The hard truth about college departures and other stories regarding Persephone’s descent into Hades.
Written by CIIS MFA Candidate Noelle Correia
In the month of September, I dropped off my daughter at Rutgers University in New Brunswick, New Jersey and commenced an MFA program at CIIS. The closing of a sweet nineteen-year-long chapter of roller coaster parenting by the seat of my pants occurred, as well as a new opening to my creative inquiry.
As I entered this sacred phase of diving deep into my artistic career from the roots up a hard truth emerged: the post-parenting stage is met with exhaustion.
I am exhausted from the nineteen years of not knowing and knowing all at once, making fast decisions without second opinions and barely keeping my head above water in order to hold my child far above fluvial dangers. This shift from racket parenting to inner research and revealing the reasons behind my art-making is a massive change.
My MFA program commences with 6-day residencies each semester — and the first fueled and inspired me. I came home motivated to get started on my MFA tasks such as visual mapping daily habits, collaborating on a children’s book, and considering the beginnings of a graphic novel. I was thrilled to get started on focusing my life on art-making again. I spent the initial week clearheaded and held the space for the seeds of creative inquiry from the intensive to grow. During the second week away from the end of the intensive, the creative harvest stopped cold in its tracks.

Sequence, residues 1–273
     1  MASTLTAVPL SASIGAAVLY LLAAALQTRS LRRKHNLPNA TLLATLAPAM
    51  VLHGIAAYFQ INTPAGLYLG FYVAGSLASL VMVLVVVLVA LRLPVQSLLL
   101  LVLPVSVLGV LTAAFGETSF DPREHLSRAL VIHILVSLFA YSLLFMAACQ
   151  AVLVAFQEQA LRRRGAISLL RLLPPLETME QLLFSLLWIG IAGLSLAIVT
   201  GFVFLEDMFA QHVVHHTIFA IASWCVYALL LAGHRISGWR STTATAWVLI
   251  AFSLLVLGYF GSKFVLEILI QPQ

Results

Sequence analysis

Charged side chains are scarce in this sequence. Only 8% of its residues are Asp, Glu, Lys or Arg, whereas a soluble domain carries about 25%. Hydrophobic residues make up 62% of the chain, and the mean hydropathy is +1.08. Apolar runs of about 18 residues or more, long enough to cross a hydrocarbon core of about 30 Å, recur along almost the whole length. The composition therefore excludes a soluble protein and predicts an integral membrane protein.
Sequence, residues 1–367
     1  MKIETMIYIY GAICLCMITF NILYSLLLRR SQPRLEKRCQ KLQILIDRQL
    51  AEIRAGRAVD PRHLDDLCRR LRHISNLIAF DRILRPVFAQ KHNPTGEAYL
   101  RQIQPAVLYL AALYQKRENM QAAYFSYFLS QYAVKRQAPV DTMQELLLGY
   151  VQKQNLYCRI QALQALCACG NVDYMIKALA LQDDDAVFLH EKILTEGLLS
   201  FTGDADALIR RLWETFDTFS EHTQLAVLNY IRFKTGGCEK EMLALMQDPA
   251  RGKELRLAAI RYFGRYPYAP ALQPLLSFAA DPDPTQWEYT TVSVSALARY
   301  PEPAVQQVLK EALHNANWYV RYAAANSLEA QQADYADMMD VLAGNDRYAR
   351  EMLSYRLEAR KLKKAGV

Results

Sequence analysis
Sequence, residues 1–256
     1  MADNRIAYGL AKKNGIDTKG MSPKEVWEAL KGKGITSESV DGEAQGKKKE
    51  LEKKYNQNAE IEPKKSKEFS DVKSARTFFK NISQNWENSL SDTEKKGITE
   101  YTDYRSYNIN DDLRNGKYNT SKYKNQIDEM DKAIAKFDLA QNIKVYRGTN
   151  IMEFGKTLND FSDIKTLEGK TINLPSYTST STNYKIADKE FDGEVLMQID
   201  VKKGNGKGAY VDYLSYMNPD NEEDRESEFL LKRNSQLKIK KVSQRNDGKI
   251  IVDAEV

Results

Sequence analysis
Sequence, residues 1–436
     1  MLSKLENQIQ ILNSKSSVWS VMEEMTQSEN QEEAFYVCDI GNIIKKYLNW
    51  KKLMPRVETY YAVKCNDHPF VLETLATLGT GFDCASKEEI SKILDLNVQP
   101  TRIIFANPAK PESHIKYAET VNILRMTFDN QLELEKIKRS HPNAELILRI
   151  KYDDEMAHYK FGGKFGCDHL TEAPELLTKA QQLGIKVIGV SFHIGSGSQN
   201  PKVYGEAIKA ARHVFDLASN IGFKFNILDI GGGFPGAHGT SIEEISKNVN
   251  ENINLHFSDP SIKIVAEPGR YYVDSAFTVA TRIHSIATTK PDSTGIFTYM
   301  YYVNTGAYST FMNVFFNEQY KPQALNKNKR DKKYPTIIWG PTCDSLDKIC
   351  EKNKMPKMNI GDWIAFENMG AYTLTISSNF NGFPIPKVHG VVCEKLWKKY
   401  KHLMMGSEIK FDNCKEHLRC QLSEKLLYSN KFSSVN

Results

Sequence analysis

Persephone’s descent into Hades provoked a sadness in Demeter’s chest that led to long days and nights of wandering and ruminating. It occurred to me that the hard truth of releasing your child into adulthood might not be discussed enough.
Separation anxiety that once belonged to the crying child behind daycare windows is now embodied by the parent. These lessons are hard to learn alone; I longed for a partner, a community or a culture that did something other than celebrate when a child leaves for college. Like Demeter who wandered the earth’s surface in despair looking for clues of the return of Persephone, I was lost in a state of depression and longed for the past routines of motherhood.
To make a way through this rite of passage and despair, I decided to apply this memory chasing to my MFA work at CIIS and my art-making. This is the beginning of a mixed media series of portraits of my daughter and I before the nest was a dorm room. This art-making I share here is a visual excavation of the chaos that came with being a single mother.